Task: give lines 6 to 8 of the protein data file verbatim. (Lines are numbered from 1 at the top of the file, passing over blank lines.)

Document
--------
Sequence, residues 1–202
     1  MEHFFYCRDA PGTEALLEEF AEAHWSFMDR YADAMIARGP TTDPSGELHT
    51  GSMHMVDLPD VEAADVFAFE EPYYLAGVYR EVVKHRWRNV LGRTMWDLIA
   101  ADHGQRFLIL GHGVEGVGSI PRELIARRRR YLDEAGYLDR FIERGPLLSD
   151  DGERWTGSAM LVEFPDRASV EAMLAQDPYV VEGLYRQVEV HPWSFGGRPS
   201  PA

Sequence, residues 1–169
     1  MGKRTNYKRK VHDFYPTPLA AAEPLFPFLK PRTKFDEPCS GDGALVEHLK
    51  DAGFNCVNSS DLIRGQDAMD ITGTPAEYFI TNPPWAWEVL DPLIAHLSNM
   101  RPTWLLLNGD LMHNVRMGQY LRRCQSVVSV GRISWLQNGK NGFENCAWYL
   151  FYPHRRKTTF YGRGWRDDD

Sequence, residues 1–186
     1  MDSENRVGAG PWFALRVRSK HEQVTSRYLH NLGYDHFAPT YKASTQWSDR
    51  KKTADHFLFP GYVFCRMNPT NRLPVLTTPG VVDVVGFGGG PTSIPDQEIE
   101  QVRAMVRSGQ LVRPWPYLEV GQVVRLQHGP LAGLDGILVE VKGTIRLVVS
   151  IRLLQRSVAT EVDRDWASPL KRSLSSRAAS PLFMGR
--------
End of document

   201  PA

Sequence, residues 1–169
     1  MGKRTNYKRK VHDFYPTPLA AAEPLFPFLK PRTKFDEPCS GDGALVEHLK